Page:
The system according to the invention, can be used for the real-time management of HF communication networks having one controlling station and one or more controlled (or remote) stations. The system is adapted to provide a frequency management capability for any predetermined number of frequencies. Practical considerations show that generally, a number of from about 50 to about 150 frequencies provides a suitable system, depending on the conditions of use and the required speed and reliability. The operating sub-bands are chosen to have an adequate width for accomodating the predetermined number of frequencies, with an adequate spacing between the frequencies used. In the following, the invention is illustrated in an entirely arbitrary manner with reference to a system of 125 channels. It ought to be understood that this is by way of example only, and that any reasonable and practical number of channels can be managed by such systems.

As stated above, the invention is illustrated with reference to the system which provides a total capability of frequency managing a group of 125 frequencies, randomly distributed between any sized sub-band f1 to f2 of the HF spectrum, for any sized time period t1 to t2 of the day and night. The operating sub-band must be at least 500 kHz wide to accommodate 125 channels at 4 kHz spacing. Thus, the system can be programmed to process, excluding used or forbidden frequencies, the entire HF band all of the time or any smaller propagation windows of usable frequencies grossly predicted to be effective at certain corresponding time periods. It is to be clearly understood that this example is illustrative and ought to be construed in a non-limitative manner.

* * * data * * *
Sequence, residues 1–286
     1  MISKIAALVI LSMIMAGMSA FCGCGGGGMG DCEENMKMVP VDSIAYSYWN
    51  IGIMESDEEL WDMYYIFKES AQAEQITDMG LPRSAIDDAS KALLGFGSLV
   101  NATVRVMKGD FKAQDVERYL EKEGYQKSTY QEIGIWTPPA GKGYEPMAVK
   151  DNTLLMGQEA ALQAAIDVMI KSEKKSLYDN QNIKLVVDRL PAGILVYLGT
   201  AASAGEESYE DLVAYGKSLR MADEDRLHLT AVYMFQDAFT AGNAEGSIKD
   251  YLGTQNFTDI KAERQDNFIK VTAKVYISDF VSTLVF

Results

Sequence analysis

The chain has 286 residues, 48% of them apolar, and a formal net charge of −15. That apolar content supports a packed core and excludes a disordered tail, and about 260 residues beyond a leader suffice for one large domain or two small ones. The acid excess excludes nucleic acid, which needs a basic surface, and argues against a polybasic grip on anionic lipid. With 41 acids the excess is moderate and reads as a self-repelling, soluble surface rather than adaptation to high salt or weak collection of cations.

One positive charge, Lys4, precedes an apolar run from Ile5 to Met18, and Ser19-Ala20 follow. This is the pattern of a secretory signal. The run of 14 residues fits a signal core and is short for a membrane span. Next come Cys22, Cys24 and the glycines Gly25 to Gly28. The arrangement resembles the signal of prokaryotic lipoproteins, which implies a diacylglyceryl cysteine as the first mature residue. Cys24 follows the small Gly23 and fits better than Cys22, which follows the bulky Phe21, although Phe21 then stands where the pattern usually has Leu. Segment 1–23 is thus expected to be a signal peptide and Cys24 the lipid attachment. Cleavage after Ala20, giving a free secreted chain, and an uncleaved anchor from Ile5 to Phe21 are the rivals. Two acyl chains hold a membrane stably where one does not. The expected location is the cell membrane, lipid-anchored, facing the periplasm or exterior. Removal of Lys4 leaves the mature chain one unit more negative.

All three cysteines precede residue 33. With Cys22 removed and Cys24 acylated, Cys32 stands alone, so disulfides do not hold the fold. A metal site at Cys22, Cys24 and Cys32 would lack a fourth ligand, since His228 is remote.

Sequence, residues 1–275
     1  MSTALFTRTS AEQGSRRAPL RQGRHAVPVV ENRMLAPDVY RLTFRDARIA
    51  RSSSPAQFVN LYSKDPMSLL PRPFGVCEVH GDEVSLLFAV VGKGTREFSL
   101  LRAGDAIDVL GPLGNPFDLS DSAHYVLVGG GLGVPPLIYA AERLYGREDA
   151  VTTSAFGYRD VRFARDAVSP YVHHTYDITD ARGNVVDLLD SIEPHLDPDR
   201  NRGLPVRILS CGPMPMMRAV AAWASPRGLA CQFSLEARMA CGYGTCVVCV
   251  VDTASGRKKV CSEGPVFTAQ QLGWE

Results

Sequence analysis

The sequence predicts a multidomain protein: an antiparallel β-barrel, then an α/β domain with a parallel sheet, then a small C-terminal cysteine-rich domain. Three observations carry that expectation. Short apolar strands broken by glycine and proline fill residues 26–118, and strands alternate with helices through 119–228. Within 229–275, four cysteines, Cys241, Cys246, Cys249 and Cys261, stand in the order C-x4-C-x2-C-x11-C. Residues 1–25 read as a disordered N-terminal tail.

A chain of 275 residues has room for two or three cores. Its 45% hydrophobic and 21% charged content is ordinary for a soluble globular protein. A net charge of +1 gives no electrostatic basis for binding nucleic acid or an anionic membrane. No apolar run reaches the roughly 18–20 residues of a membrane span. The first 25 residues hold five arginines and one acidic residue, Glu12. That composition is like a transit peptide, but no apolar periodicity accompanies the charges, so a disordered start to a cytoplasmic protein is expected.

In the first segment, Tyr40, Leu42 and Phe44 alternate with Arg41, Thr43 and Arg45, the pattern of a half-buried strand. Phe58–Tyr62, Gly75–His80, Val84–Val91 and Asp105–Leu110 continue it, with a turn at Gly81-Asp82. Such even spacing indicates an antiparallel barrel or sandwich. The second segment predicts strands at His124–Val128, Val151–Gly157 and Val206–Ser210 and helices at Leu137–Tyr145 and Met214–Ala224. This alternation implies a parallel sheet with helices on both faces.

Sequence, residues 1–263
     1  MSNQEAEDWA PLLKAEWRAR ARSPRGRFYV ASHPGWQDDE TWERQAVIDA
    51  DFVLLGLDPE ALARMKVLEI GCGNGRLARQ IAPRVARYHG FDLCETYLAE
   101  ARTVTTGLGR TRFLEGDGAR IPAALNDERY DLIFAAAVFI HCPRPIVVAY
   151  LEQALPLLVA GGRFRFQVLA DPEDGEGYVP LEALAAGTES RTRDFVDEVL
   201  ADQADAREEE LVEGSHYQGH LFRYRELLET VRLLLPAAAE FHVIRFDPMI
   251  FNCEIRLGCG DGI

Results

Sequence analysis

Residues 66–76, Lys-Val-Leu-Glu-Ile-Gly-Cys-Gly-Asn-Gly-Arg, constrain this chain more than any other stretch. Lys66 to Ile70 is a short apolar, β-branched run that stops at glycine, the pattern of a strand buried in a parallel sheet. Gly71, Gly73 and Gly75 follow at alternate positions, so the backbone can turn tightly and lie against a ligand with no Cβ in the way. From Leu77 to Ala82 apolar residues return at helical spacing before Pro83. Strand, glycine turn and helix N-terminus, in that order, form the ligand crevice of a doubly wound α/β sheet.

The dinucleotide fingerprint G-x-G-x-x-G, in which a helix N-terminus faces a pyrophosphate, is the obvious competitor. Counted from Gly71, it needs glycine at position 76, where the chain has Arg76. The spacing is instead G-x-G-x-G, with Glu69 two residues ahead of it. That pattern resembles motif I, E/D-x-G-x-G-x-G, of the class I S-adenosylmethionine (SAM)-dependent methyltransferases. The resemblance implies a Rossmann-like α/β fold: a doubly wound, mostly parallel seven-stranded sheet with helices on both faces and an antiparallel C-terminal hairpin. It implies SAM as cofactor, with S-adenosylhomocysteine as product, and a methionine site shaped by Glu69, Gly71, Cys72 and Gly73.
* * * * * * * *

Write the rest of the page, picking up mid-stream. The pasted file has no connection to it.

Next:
This ensemble of 125 automatically pre-assigned frequencies constitutes the frequency management single, widewband operating channel. Within this channel information is time and frequency multiplexed, redundantly utilizing the `good` and the `bad` available frequencies.

The system can be programmed to operate in either one band or two separate bands.

1. One Frequency Band: One pair of frequencies shall define the limits of the expected operational band. Within this band, 125 frequencies will always be available for evaluation, regardless of the size of the band, with 4-kHz minimum spacing.

2. Two Frequency Bands: Four frequencies shall define two separate `DAY` and `NIGHT` operational bands, which may have overlapping regions. A single transition hour will be chosen for the transfer from the DAY band to the NIGHT band, or from 125 DAY frequencies to 125 NIGHT frequencies.